efe-epaWashington

The government of US President Donald Trump said Tuesday that the United States wants to continue as much as possible the policy of reconciliation with Cuba, while making sure American companies do not provide financial support for the Cuban government but rather motivate the Castro administration to show more respect for human rights.

US Secretary of State Rex Tillerson said his government notes certain worrying elements in the closer relations initiated by former President Barack Obama, because the US is involuntarily providing financial support for the Cuban regime.

"We think we have achieved very little in terms of changing the behavior of the regime in Cuba, restricting their people, and it has little incentive today to change that," Tillerson told the Senate Foreign Relations Committee on Tuesday.

Trump is expected to announce this Friday in Miami the results of the overhaul he set in motion, as soon has he took power, of the renewal of diplomatic relations with Cuba, begun by Obama and Cuban President Raul Castro in December 2014.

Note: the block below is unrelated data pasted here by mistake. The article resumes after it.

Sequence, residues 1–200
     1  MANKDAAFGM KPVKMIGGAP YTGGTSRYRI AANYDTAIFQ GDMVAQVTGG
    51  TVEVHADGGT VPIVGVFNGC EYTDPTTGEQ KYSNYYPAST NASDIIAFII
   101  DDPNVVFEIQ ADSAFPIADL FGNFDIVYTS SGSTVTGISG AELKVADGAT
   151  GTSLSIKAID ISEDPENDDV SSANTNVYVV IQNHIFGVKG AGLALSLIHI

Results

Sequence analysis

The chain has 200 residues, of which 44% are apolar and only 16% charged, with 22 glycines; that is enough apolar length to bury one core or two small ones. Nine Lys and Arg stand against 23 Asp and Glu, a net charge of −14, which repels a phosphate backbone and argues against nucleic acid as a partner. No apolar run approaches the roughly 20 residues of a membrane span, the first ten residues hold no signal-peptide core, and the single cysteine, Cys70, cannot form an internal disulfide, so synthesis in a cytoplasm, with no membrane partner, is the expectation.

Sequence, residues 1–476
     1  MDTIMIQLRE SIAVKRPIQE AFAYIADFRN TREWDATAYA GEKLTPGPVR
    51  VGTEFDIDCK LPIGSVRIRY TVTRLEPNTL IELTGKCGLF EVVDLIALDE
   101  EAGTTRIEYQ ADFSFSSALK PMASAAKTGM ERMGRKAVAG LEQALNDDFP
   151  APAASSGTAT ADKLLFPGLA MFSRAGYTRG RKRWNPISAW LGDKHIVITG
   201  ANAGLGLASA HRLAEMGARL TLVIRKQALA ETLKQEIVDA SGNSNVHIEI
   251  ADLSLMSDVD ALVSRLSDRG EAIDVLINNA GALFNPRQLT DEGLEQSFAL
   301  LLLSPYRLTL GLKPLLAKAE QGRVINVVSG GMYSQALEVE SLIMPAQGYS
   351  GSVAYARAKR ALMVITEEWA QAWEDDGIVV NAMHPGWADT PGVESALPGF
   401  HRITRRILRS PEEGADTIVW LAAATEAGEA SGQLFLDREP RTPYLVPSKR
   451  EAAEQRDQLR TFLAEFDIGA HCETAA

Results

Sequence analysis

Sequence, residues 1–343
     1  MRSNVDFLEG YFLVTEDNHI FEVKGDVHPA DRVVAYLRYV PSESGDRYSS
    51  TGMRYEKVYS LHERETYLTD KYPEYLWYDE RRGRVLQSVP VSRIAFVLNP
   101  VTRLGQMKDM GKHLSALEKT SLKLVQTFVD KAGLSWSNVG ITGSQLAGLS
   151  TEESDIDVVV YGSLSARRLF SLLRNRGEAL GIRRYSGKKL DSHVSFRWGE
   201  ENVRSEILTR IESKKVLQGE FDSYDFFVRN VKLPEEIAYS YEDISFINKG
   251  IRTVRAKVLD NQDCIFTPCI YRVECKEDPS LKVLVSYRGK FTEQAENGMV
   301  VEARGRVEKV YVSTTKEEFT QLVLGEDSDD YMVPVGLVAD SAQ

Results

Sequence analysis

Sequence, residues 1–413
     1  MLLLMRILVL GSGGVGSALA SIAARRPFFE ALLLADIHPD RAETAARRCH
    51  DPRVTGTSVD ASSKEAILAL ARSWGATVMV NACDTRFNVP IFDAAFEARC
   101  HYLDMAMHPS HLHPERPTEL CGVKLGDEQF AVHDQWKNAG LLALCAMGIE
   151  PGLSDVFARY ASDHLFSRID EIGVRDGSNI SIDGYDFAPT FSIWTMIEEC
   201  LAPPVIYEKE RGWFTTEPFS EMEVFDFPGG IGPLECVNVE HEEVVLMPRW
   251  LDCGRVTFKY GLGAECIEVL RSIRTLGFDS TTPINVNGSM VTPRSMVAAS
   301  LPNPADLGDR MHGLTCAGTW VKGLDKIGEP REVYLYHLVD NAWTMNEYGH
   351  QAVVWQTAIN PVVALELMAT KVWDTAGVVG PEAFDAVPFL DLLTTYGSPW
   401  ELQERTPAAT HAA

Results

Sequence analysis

"We are supportive of the ... economic development, as long as it is done in full compliance with our existing statutes, and not provide financial support to the Cuban regime," Tillerson said.

There is, unfortunately, a "dark side" to the relationship, Tillerson said, because Cuba has not improved its respect for human rights, dissidents are still being imprisoned and the Ladies in White are still being harassed.

"If we're going to sustain the sunny side of this relationship, Cuba must, absolutely must, address these human rights challenges," the leader of US diplomacy said.

But according to Tillerson, the future could well hold more normal relations.

"The general approach is to allow as much of this continued commercial engagement activity to go on as possible," he said, because his government is well aware of "the benefits of that to the Cuban people."